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Do Space and Action Have to Be Contradictory? Toward an Inclusive WSF Strategy

Created date

Friday, February 22, 2008 - 16:36

Is the WSF still the most appropriate vehicle for the new stage in the struggle of the global justice and peace movement? Or, having fulfilled its historic function of aggregating and linking the diverse counter-movements spawned by global capitalism, is it time for the WSF to fold up its tent and give way to new modes of global organization of resistance and transformation?
The major problem in the present strategic debate regarding the future of WSF is that those who feel that it has outlived its utility, or has become stagnant as a ‘forum’, have not provided a compelling alternative, except rather lamely proposing that it become a platform for action, rather than reflection.

Which is not to deny that there persists an unease regarding the outcome of the seven-year-old WSF process; whether it has been successful in denting the neoliberal World order, particularly when one considers the enormous resources, time and energy that goes in organizing each World forum. It is true that many participating movements have been beset with the question: Is it worth it?

It has been pointed out by many that the immense diversity and plurality present in the forum process would make it not only difficult, but most likely a divisive exercise to work out joint actions. Joint action requires a certain amount of ideological cohesiveness; to demand that from a platform of political diversity like the WSF would most certainly bring in sectarian considerations to the fore, thereby diminishing the broad-based nature of the forum. Others have countered that joint action does not have to be carved out for more than a few issues – like global peace, trade regimes and so on, which may not pose insurmountable sectarian problems.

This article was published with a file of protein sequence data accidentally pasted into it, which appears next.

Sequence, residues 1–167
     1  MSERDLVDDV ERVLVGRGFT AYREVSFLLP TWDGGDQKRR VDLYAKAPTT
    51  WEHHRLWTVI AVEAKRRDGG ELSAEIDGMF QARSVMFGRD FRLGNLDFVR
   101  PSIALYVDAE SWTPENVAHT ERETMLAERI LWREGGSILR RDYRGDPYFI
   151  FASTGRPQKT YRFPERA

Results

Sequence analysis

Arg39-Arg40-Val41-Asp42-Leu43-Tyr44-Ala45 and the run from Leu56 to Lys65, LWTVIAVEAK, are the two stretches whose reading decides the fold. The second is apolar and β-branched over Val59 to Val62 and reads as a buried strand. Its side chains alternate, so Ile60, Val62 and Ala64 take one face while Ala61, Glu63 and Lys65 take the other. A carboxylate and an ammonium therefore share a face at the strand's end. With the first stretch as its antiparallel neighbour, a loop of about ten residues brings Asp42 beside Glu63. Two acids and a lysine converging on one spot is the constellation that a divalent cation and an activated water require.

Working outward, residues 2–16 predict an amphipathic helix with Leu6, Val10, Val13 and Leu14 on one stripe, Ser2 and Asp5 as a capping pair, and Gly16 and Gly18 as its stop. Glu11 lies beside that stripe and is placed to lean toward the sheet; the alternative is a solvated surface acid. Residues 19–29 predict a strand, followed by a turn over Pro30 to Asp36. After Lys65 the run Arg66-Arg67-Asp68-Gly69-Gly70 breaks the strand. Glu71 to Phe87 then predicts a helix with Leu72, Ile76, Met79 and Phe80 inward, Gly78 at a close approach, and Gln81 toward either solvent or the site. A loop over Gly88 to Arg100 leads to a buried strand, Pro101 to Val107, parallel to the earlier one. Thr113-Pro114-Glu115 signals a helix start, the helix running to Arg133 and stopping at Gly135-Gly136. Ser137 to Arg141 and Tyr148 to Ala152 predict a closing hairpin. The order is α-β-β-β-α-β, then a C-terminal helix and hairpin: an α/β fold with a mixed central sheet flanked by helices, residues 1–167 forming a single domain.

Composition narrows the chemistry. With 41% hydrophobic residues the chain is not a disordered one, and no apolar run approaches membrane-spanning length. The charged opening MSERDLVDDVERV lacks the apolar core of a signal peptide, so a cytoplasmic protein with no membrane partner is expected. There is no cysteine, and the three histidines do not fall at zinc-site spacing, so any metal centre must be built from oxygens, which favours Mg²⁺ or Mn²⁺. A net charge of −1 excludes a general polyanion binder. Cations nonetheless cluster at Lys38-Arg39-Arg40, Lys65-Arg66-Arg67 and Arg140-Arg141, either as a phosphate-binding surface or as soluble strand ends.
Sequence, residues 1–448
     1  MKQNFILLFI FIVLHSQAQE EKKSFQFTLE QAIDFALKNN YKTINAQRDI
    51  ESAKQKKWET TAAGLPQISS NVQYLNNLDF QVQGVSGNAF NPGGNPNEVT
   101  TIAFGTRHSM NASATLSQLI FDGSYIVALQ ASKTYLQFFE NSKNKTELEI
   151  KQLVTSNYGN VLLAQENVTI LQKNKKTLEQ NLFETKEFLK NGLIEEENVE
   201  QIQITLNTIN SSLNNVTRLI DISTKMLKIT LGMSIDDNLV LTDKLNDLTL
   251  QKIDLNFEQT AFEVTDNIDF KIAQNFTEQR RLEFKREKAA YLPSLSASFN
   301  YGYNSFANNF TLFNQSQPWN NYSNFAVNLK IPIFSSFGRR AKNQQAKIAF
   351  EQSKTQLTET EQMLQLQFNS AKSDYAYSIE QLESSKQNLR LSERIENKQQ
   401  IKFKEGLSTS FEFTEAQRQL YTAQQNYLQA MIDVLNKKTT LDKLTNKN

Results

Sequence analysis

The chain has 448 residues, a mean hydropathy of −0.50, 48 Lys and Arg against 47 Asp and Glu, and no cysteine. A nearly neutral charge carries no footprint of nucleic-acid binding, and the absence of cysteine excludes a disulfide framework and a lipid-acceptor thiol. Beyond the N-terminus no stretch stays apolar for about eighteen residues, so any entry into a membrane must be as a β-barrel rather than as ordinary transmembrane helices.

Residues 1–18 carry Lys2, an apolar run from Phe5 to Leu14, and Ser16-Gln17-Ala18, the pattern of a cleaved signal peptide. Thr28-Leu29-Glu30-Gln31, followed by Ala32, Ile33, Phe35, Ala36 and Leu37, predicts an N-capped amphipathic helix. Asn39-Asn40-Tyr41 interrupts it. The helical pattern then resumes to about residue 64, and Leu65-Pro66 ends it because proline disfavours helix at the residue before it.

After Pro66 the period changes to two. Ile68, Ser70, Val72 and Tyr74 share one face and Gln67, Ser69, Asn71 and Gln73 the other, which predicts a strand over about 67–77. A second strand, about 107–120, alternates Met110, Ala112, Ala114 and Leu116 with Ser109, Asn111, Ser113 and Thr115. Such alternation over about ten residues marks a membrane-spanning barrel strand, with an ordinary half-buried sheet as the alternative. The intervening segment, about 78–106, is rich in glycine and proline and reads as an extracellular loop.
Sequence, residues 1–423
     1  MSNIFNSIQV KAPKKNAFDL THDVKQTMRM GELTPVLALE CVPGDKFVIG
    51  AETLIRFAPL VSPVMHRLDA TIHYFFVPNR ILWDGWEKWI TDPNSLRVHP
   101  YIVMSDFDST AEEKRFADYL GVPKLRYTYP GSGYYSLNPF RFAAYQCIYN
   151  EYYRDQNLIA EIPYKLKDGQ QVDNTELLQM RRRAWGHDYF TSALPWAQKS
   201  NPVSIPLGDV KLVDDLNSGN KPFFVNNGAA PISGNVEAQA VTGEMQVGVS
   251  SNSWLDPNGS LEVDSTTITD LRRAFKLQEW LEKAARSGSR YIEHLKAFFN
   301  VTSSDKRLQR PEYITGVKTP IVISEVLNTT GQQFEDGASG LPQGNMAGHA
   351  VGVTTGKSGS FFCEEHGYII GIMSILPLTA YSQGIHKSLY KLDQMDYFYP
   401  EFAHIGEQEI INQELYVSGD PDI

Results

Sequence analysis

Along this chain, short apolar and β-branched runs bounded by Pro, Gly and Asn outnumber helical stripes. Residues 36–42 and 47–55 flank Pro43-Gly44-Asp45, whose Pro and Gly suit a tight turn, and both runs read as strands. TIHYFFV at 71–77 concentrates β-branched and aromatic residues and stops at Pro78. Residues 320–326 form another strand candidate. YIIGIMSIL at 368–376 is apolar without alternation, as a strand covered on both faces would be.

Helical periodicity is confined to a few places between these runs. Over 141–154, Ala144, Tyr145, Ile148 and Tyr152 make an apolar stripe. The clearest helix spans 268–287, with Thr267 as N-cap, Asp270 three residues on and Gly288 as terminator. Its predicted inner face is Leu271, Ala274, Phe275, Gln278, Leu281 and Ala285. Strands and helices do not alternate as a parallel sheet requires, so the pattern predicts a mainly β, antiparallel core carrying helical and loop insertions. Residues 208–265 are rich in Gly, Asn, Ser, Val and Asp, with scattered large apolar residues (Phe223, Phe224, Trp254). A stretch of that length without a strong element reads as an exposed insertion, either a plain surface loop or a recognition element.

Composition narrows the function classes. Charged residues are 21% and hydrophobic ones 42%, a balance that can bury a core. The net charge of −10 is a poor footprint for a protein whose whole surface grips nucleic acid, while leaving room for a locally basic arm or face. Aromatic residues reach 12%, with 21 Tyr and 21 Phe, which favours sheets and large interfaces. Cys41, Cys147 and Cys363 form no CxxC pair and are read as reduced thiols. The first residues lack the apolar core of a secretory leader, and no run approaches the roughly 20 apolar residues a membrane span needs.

The space the WSF provides is vital to enlarge the existing action forums and forge new ones; therefore the WSF has not exhausted its historical role. The potential for the ‘forum – action’ symbiosis that the WSF has innovated should in fact not be a transitional phase at all, but an ongoing new form of political organization. What is necessary is to pay heed to the organizational and political shortcomings and limitations of the WSF process, rather than suggest abandoning it altogether. These shortcomings and limitations relate to the participation in the decision making processes of the WSF, the restricted nature of its IC, the organizing principles of the various forums, and the facilitation and liaison processes of the WSF.

Source: Alternatives International
_ http://alternatives-international.net/article1780.html


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